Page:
Dead concert. There was also plenty of parking-lot-age-of-love mysticism
and tie-dyed dance-around-a-bonfire paganism (instead of the usual
fuck-your-mother Devilism). Teenaged "soft ravers" came
from as far away as Kentucky intoning their fave buzzword, "PLUR"
(Peace, Love, Unity, and Respect). Still, from the inside, the party
was pure Drop Bass.
Sunshine had decided that Furthur was to be his last rave ever.
He had been traveling for four years, "showing up in polyester
suits with a hot chick on each arm" at every type of rave imaginable.
He always got in for free and never paid for his drugs; he had "major
status - the destructive kind." And he just couldn't do it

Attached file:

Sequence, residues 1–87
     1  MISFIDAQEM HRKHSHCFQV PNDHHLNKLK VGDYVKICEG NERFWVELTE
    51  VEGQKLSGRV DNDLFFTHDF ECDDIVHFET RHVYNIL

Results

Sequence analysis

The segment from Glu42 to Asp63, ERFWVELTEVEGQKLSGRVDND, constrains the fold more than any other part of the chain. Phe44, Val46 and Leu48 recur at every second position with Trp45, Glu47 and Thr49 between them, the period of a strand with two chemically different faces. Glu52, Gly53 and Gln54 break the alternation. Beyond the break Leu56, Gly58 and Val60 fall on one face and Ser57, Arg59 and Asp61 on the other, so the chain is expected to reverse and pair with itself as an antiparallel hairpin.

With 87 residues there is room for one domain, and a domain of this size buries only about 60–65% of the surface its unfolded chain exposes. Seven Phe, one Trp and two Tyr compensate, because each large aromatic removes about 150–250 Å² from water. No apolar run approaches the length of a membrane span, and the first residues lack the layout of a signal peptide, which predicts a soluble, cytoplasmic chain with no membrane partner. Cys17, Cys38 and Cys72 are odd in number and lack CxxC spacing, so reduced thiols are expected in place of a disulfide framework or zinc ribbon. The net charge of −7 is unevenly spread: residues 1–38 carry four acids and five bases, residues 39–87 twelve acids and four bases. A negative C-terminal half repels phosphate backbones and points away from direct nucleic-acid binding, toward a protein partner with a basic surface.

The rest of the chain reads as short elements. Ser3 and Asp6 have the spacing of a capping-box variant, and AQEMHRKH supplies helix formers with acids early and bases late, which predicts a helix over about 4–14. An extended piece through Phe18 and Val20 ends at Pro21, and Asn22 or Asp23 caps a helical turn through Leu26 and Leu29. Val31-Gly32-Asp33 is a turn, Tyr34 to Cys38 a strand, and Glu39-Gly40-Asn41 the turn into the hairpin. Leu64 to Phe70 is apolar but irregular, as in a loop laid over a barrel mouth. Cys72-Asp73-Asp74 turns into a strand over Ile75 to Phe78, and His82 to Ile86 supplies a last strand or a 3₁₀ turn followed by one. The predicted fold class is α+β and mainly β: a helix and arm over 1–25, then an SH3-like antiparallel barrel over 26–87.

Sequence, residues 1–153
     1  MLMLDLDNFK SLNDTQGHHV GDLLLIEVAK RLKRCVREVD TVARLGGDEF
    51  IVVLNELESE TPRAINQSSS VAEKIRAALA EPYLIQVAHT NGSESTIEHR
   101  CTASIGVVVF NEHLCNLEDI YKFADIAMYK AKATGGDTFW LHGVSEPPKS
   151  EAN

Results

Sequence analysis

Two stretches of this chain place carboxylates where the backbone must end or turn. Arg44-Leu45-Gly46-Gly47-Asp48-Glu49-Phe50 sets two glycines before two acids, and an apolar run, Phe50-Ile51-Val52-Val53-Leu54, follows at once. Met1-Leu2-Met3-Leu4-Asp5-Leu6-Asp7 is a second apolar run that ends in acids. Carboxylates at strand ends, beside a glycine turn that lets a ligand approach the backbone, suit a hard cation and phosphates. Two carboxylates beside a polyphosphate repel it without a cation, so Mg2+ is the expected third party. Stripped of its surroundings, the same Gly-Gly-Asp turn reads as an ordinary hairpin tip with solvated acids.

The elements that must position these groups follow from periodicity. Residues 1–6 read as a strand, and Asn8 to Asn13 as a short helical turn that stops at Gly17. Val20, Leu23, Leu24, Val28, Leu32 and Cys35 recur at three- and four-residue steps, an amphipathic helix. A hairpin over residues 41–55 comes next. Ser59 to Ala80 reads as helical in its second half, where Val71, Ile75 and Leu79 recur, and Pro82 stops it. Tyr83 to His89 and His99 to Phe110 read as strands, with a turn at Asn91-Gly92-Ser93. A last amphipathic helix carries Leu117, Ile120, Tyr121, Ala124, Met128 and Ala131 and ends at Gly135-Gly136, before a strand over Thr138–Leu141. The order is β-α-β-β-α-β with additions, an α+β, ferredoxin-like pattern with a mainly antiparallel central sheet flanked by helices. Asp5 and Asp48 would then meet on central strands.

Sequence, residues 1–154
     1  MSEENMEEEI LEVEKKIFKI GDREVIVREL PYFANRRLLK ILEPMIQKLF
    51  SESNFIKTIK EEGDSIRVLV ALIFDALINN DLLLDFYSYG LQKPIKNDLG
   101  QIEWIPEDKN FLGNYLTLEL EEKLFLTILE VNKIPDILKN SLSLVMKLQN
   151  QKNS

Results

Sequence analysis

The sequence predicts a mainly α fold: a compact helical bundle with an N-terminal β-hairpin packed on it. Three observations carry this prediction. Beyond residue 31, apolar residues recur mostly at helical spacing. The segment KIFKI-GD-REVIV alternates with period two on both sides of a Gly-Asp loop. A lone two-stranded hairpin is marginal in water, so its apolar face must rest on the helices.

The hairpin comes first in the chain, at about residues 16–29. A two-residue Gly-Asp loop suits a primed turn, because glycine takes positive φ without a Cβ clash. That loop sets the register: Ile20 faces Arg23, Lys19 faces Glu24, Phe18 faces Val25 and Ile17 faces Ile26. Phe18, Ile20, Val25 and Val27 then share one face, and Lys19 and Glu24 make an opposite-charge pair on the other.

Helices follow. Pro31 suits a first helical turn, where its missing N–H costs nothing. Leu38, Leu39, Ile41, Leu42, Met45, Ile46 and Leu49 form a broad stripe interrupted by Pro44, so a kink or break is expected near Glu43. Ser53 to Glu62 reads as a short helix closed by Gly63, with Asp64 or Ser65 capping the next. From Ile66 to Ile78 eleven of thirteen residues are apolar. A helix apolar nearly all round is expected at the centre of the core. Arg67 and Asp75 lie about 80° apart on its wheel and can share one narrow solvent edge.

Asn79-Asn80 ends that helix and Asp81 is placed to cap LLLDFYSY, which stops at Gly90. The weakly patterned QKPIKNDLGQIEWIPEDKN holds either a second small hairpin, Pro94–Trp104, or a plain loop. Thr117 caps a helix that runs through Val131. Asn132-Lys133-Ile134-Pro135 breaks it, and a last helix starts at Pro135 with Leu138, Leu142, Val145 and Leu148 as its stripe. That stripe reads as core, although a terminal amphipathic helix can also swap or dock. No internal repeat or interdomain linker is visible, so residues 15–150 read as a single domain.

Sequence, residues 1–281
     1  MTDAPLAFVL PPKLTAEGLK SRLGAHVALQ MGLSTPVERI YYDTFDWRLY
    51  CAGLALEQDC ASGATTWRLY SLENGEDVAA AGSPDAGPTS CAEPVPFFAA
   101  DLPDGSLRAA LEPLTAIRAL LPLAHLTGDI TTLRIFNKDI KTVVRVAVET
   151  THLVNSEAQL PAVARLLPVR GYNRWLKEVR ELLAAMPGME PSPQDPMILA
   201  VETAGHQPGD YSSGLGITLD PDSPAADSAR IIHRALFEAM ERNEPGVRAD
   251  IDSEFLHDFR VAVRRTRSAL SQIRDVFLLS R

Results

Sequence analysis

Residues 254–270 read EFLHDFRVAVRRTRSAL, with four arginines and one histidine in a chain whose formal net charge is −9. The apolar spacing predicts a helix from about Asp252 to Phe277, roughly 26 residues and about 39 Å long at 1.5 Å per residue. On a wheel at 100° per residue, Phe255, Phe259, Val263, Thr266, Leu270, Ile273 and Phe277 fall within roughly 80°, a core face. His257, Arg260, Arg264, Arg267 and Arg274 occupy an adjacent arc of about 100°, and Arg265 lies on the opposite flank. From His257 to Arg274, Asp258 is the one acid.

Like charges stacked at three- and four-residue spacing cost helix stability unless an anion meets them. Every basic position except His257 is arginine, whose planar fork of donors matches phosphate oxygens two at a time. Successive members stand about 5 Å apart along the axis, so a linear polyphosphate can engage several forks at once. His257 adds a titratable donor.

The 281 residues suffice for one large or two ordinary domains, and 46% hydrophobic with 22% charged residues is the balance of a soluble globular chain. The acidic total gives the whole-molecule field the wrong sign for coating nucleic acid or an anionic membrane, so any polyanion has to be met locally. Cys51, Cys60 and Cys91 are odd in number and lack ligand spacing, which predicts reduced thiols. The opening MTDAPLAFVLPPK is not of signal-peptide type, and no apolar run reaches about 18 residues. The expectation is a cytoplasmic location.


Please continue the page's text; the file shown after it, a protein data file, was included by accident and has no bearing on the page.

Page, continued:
anymore. He felt depressed, burned. He had been telling people for
months before the event that he was either going to OD at Furthur
or - if he made it through the three days - move to Atlanta "to
start [his] life over." "I had seriously cast my fate
to the gods," he says. But why, over all others, was this the
determining party? "Because this was Furthur. And, after
it, things were never, ever, going to be the same. It would have
been like dying at Woodstock. That's what this party was: the Woodstock
of the Midwest, the best party and the last party.
list of twenty DJs at the 1994 Furthur included the Hardkisses,
Spenser Kinsey, Barry Weaver, Frankie Bones, Adam X, Nigel Richards,
and Diesel Boy; there was an Aphex Twin live show and a host of
Midwest regulars. The list of drugs Tommie ingested from the time
he arrived in his Monster Truck T-shirt and polyester tracksuit
is much longer: "seven hits of E, twenty hits of acid - I took